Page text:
In the afternoon, we interviewed comedian Helen Keen for the podcast. I stalked her on Myspace a bit years ago, and since then she’s been given her own show on Radio 4, won awards, and just done loads of writing and performing. Helen talks at a hundred miles an hour because she has so many ideas in her head; she’s really funny about stuff you never thought was funny. We were a bit cautious about introducing her as a geek comedian in case it sounded offensive, but there’s no getting around the fact that she’s done two stand-up shows about rockets and a show about the North Pole.
I was very excited to learn that Helen’s dad is a postman, because (as anyone who’s read EOC will have deduced) I’m fascinated by the UK postal system. I told her my dad’s a rocket scientist, and we agreed we should do some kind of dad-swap. She’s so sweet. She even wrote us a little thank you note when she got home. She has the rosiest cheeks and loveliest skin, and I don’t know if I want to be her fan or her friend or WHAT.
Anyway. Then Roo and I had to rush to the Southwark Rooms, where we were hosting our live 50th episode party thing. I’m trying not to over-use the word lovely, really I am. But my god. What a crowd. What a night! I’m welling up just thinking about it.
I was so touched that so many people came, and most even did as they were told and brought games. It was a real collision of worlds for me; some of my old pals from years ago were there, playing silly games with Shift Run Stop listeners we’d never met before, and previous guests got to meet each other for the first time. I didn’t really play any games myself, except a few handhelds – I was keeping an eye on the door, and the bags, and just generally chatting to people. I can’t really remember talking to anyone for long which was a shame in a way, but there seemed to be so much to do. The four hours went by so fast!
Previous guests I was aware of being there: inventor James Larsson, games designer James Wallis, podcaster Myk Reeve, programmer/anosmic Alice Bartlett, Bletchley campaigner Sue Black, B3ta founder Denise Wilton, Thick of It producer Adam Tandy, snacks man Dave Green, Nethernet designer Duncan Gough, comedy writer Kev Cecil, sneeze counter Peter Fletcher, Guardian games columnist/author Naomi Alderman…
It killed me to compress them all into a few words like that because of course I don’t actually think of them like that, but hopefully those words are good for triggering a memory. Some who said they’d come didn’t in the end, but many who hadn’t said anything just showed up, as a fantastic surprise. I want to shout out to Simon Thornton and Katy Lindemann in particular for bringing an entire SUITCASE (genuinely) of powered-up 80s handhelds for people to play with (and an old “laptop” for me), and James Larsson for bringing these beauties. Peter Fletcher had come over from Birmingham for the afternoon in the full knowledge he was going to have to get a very, very late connecting bus for part of his trip back. Yet still he came, and I really hope he had a good time because it definitely made everything better just having him there.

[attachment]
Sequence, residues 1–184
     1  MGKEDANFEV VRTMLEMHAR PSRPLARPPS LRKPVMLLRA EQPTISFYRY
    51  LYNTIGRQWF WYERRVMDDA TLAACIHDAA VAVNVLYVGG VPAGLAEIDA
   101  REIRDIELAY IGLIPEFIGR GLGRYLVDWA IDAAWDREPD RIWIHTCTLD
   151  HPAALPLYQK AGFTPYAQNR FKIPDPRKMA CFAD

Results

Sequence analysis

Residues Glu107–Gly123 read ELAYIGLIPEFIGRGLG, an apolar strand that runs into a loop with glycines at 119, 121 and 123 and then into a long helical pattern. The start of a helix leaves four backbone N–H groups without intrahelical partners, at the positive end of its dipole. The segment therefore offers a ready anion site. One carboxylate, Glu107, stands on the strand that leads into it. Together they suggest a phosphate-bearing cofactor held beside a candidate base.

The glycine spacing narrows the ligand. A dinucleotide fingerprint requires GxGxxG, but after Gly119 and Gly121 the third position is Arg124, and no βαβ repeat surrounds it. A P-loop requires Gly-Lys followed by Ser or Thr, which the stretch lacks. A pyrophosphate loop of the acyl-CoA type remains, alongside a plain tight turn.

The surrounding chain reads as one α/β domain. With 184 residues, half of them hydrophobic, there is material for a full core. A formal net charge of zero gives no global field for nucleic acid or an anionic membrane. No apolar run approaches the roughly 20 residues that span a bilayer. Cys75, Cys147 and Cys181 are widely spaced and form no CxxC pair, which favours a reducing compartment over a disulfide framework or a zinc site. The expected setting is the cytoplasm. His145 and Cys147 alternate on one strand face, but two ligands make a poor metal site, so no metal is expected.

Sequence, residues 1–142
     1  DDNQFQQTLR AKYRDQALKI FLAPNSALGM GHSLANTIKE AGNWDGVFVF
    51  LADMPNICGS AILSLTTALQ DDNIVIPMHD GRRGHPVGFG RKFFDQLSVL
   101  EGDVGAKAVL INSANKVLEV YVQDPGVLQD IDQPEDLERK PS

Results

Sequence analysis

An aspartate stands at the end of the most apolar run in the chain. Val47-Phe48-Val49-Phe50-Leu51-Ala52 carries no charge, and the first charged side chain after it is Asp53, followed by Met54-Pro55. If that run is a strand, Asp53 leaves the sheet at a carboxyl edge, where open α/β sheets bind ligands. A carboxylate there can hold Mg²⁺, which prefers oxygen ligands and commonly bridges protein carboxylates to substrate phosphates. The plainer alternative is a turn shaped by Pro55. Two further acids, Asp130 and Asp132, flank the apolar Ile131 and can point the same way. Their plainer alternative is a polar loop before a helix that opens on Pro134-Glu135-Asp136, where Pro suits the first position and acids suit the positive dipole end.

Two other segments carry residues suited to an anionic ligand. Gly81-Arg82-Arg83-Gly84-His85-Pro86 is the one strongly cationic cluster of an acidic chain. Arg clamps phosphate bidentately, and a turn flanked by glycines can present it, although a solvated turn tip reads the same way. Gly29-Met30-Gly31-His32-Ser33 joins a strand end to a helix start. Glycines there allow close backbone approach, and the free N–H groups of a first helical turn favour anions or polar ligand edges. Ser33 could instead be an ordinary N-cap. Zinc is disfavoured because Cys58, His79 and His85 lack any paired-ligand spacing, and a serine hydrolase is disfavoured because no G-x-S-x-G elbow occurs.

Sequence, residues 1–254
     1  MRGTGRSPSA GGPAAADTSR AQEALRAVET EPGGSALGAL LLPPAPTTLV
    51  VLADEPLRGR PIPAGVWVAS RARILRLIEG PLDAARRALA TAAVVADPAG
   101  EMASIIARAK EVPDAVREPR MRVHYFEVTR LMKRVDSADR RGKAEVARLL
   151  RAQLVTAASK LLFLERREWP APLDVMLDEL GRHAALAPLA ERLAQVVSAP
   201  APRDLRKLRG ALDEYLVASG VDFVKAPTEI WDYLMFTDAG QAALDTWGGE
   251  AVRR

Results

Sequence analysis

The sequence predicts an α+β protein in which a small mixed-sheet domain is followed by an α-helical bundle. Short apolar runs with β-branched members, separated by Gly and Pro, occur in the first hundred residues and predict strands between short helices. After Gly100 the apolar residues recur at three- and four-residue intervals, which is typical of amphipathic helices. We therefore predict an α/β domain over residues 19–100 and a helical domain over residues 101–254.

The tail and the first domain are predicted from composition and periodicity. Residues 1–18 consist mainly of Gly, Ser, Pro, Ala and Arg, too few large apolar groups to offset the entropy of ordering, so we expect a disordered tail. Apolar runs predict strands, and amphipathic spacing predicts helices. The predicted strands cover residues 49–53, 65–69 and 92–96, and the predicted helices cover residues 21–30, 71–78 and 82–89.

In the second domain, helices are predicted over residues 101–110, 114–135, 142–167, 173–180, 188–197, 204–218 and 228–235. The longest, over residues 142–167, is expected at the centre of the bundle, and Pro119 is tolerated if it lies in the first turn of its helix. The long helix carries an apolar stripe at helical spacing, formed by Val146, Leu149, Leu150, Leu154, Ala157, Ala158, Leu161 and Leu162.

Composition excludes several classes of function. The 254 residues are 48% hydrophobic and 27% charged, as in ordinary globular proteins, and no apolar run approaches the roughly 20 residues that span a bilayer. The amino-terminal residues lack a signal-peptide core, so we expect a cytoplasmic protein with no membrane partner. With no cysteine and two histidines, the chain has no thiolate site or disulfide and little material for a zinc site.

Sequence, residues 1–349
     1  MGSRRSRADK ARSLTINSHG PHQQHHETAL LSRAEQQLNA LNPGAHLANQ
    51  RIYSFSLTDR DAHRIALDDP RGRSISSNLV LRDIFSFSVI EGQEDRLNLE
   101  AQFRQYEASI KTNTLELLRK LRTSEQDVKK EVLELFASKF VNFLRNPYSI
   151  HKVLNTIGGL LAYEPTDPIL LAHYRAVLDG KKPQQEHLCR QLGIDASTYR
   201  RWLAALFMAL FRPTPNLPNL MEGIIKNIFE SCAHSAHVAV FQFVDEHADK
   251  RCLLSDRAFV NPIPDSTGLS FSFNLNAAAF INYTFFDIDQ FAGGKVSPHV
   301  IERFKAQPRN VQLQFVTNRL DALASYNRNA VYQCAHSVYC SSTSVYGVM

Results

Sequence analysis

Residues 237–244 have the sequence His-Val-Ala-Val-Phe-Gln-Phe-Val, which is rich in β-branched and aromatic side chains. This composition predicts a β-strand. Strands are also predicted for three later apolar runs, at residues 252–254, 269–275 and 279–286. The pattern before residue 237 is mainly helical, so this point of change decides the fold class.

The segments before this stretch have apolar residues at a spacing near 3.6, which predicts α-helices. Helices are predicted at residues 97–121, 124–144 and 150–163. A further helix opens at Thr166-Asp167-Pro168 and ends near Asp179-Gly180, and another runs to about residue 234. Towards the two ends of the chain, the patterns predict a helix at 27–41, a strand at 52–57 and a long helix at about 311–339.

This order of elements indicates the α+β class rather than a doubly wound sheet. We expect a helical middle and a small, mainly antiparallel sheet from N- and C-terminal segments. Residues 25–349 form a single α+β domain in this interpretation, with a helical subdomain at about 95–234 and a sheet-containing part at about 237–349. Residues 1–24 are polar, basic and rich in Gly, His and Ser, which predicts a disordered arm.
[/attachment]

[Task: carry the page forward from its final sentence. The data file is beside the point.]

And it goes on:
Selfishly, I was also pleased to see some women there. Between chatting to Helen K earlier in the day and talking to the women at the party, I actually talked to some people about fashion yesterday. It’s a relatively secret interest I don’t normally have an outlet for, but I think all the women, as well as looking great themselves, commented on my outfit, which sounds shallow but is actually about sooo much more than clothes. Women understand how much work/thought goes into this stuff (Sue Black got straight to the point “you’re so THIN”)…. and of course it’s a bonding thing. But I guess my point is: that’s a whole axis of interests I don’t get to indulge at the usual male-dominated geek events. Yes. On the whole, I recommend arranging the kind of event you’d like to go to.
Other games I saw people playing included Kev’s brilliant “Guess What?”, the hilarious “Headbandz”, Backgammon, the Pacman board game, poker, another card thing? A thing where you had to build a pizza or something? And I loved that we (i.e. Roo) got our fave Prestel game Scoop working on the screen. Sue Black’s lovely son brought an X Box but we didn’t have the right cable. It was a good venue but fewer surfaces than I remembered, and although everyone made great use of the space I reckon at future events perhaps more tables will mean more games actually get played. In truth though, I think last night was principally a social, with some gamey distractions for those who fancied playing something. The next thing we put on might be something else entirely.
Thanks so much for coming and supporting us and enjoying yourself. It all makes me feel a bit funny to be honest.